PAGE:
E.g., 04/08/2020
E.g., 04/08/2020

The Impact of Translations on Clinical Trials

By: Montse Pérez, Marketing Specialist - CPSL

18 February 2016

These days, hundreds of clinical trials enable pharmaceutical and medical companies all over the world to advance pharmacological knowledge and enhance patient care.

Accurate, professional translations of Clinical Trial Protocols (CTPs) are a core element to conducting effective, safe international multi-centre trials: they facilitate the enrolment, treatment and monitoring of a diverse cross-section of participants at the same time. What’s more, efficient translations foster collaborative work among researchers from different countries and backgrounds.

While CTP translation has been considered important enough to warrant studies, it often comes too late in the planning of an international clinical trial, or falls short in terms of quality. With so much at stake, it’s worth going the extra mile with translations to ensure optimal comprehension and application of CTPs.

If you’re weighing up potential translation partners for your Clinical Trial, here are some key factors to bear in mind.


Precise, clear and comprehensive CTP translations can ensure that participants feel as informed and comfortable as possible with the objectives, procedures and terminology of the trial. Doubts, confusion and misinterpretation inevitably lead to lower enrolment figures and higher dropout rates.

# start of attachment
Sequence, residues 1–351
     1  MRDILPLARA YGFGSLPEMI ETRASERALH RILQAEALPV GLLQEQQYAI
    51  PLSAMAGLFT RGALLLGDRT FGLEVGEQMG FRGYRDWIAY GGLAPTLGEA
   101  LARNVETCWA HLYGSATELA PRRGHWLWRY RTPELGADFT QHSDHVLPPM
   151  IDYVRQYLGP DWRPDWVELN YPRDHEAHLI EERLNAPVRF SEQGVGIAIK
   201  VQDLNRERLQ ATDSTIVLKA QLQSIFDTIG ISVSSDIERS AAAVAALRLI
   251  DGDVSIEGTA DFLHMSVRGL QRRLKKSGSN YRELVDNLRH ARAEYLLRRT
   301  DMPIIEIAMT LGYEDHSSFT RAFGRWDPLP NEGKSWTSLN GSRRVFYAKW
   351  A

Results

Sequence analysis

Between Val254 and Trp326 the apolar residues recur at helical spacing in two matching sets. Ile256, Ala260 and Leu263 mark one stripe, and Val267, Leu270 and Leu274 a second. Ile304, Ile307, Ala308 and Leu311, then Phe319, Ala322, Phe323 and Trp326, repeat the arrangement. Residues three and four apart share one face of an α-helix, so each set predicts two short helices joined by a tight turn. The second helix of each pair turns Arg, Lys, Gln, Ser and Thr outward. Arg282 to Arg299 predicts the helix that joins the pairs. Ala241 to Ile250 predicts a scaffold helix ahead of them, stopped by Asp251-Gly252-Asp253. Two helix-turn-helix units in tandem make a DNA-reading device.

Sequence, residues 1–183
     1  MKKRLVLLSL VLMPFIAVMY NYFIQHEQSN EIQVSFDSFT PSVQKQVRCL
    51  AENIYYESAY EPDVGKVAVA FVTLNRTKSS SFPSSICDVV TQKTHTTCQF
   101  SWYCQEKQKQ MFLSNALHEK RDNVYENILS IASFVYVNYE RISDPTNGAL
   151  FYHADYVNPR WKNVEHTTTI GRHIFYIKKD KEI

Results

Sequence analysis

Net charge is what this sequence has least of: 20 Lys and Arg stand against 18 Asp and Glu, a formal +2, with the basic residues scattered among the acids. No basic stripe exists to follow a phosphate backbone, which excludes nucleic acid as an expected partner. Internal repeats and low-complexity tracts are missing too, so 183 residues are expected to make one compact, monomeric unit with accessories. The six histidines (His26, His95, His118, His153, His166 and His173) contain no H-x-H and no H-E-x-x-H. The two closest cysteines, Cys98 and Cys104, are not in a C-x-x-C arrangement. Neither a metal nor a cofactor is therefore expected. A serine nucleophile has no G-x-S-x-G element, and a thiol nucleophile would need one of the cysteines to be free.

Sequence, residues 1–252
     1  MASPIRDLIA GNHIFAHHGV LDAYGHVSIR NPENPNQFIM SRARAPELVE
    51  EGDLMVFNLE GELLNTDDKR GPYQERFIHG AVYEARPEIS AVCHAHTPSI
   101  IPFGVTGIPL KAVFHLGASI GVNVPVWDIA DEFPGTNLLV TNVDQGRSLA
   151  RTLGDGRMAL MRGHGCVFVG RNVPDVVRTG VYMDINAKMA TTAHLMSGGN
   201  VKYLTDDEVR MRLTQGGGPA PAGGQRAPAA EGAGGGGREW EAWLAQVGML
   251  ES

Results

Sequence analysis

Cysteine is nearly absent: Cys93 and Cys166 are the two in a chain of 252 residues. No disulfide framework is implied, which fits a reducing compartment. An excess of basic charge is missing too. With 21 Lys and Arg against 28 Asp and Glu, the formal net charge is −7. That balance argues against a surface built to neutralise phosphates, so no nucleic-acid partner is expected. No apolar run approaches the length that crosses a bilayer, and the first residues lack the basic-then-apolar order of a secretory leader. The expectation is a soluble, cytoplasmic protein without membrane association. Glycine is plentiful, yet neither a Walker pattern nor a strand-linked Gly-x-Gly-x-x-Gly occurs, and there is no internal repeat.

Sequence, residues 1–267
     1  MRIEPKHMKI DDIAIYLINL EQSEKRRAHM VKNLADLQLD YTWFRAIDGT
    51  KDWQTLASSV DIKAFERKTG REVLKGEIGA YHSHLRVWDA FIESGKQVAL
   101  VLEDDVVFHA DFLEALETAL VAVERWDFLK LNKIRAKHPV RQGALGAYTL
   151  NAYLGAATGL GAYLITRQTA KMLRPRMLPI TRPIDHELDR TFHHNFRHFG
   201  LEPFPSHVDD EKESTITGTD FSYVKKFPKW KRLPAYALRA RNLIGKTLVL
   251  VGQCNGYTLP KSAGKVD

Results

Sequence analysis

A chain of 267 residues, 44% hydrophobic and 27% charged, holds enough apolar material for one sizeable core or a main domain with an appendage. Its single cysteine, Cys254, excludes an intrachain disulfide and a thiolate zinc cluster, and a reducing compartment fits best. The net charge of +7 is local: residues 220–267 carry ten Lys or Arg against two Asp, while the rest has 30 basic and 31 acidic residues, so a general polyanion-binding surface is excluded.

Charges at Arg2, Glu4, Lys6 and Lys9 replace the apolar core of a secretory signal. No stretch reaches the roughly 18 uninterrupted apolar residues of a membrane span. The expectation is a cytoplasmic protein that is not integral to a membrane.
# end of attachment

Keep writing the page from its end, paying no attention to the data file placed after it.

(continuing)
CTP translations should be as uniform as possible, to ensure consistency in the trial results. A specialized pharmaceutical translation provider will help you to balance essential technical language and medical jargon with clear, approachable explanations. This is essential when it comes to combining scientific data with consent forms and patient Reported Outcomes (PROs), where “layman’s” language is more appropriate.

One version doesn’t fit all

Translating CTPs is about more than just linguistic transfer. A common complaint among international trial participants is a lack of country or culture-specific translations.  An experienced translation provider will identify and respect cultural differences between countries involved in an international clinical trial. A sound understanding of ethics, values and behaviour is crucial, as these aspects can raise challenges – particularly regarding relationships with subjects, researchers and regulatory bodies.

Regulatory constraints

Some countries, like the U.S, make it compulsory to translate clinical-trial related documentation for all participants and researchers in local languages. Others, like Spain do not. While there is still a general assumption that most researchers have a proficient level of English, many regulatory bodies and ethics committees insist on the importance of local language documents – and with good reason.


These days, specialized translation providers help pharmaceutical and medical companies tailor their products and services to accommodate variations across markets and regions.  Localization services encompass content, cultural and technical issues, variations in information, functionality and instrument design, and other aspects that facilitate quality assurance. It is especially vital when trials are conducted in culturally distant countries. 

Behind every accurate translation is a specialized translator…

From clinical research and regulatory submission and review, to production and marketing. Working with experienced, specialized translators at every stage of the CTP process can save time, money and headaches.

Enlisting the help and expertise of a specialized translation provider from the very beginning of a clinical trial can ensure that resources are more efficiently assigned, delays prevented and the documentation provided is culturally and linguistically appropriate.

Montse Pérez

Marketing Specialist at CPSL